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Feminspire | April 23, 2014

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Street Harassment & Catcalling: It’s OK to Feel Angry

Street Harassment & Catcalling: It’s OK to Feel Angry

| On 22, Aug 2013

In the summer, for whatever reason, I always notice an increase in catcalls. I hate it, but I’ve come to expect it. As a young woman in her 20s, being catcalled is sadly pretty standard.

Earlier this summer, something unusual happened: I was catcalled—twice—by boys in a school bus. A big, yellow school bus, the kind I used to ride in elementary school. It happened in the nice residential neighborhood I’m living in for the summer, and it happened in the afternoon, when I was outside enjoying the summer warmth. Like I said, I’m used to being catcalled—it happens basically everyday, often more than once a day.

But it was unnerving to hear a child’s voice screaming at me, high-pitched, from the back of a school bus. It was the same kid the next day, with another, smaller boy piping in occasionally. They looked like they were around 13 years old, and I was startled to hear the sexual violence and gendered hatred in their screaming. They shouted things like, “Fuck you, bitch!” and “Suck my big juicy dick, bitch!” They shouted for a long time. The first time they screamed at me, I was waiting for a bus, and the school bus was stopped at a seemingly interminable red light. The second time they catcalled me, I was walking home, and they yelled for the entirety of the block and were still yelling as their bus turned a corner and drove away.

Sometimes when men catcall me, they try to flatter me. They honk or whistle or invite me over. They make obscene suggestions, laughing as they drive away. However, there have been a couple incidences when men catcalled me and it’s been more explicitly violent. One night, as I was crossing the street on my college campus with a few of my female friends, a car full of drunken men from a neighboring university screamed at us, speeding at us in their car as we walked across the street. The called us bitches and told us to fuck off. They told us that next time they would kill us.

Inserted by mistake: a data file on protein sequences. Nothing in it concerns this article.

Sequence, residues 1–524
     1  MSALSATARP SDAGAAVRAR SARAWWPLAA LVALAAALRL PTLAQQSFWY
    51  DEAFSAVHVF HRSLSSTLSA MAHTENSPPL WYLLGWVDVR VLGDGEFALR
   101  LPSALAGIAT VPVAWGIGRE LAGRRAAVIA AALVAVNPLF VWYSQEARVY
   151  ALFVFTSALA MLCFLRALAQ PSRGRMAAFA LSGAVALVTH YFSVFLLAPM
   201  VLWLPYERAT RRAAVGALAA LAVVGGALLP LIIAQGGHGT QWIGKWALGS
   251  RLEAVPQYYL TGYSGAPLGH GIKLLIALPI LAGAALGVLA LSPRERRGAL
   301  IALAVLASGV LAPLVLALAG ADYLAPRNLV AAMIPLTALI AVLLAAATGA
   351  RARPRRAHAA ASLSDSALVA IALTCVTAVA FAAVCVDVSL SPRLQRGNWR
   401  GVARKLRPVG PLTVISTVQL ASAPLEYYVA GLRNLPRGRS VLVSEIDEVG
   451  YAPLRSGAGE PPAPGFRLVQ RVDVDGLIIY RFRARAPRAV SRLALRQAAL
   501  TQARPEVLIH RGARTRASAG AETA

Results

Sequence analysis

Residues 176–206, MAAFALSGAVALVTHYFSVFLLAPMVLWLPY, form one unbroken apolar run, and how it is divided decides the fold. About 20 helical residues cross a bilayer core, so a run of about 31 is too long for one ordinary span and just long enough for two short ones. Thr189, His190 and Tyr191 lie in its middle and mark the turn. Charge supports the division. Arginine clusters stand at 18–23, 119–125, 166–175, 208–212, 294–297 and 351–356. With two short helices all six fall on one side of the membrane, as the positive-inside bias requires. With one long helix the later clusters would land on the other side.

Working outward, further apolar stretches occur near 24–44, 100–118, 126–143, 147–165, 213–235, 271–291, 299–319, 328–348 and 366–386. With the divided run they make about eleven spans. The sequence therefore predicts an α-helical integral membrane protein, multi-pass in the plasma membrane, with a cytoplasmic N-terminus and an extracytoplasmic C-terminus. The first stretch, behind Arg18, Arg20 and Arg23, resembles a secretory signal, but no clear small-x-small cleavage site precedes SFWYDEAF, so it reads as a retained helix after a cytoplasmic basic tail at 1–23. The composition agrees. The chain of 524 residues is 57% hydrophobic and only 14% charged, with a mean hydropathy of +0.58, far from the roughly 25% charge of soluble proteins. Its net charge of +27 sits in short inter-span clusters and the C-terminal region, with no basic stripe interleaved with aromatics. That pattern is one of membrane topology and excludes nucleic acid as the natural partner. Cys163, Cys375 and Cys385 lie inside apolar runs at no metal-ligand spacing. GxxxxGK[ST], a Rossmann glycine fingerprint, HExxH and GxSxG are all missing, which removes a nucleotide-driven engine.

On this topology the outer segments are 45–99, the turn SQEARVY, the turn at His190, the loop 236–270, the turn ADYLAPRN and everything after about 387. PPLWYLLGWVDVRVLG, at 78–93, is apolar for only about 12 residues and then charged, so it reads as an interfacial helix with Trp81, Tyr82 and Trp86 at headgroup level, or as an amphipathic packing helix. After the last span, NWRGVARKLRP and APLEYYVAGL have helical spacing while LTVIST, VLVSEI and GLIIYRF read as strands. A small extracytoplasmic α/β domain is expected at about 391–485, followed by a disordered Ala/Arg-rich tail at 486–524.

All of these incidences have happened in well-to-do, otherwise peaceful residential neighborhoods. Nearly all of these incidences occur when I’m on foot and the men are driving, or when I’m alone and they are in a group. But I’m far more thick-skinned now than I was at 13. Back then, if I was catcalled I self-consciously tugged my shorts lower or put on my jacket, even if it was hot out. Now I don’t look up; I don’t listen. I usually don’t let it get to me.

I’ve asked guys I know about this: Do they get hassled as they walk on the street, going about their daily lives? They always tell me ‘no.’ People never yell at them. People never leeringly compliment them or whistle at them or tell them to perform sexual acts or go fuck themselves.

street harassment

While none of the male friends have experienced it, every single one of my female friends has experienced street harassment countless times, no matter where they’re from. They all understand. Luckily there are movements out there targeting street harassment, encouraging women to share their stories. People are talking about street harassment, and people are trying to end it.

But there are still times when I feel like it’s a crime for me to walk on the street, regardless of whether it’s day or night, regardless of what I wear. I’ve been yelled at when I’m wearing a long parka in the dead of winter, and I’ve been catcalled in sundresses in the summer. It doesn’t make a difference. Either way, this is what catcallers are telling me: these are our streets. You are vulnerable, and we are in the position of power. You have to listen to us.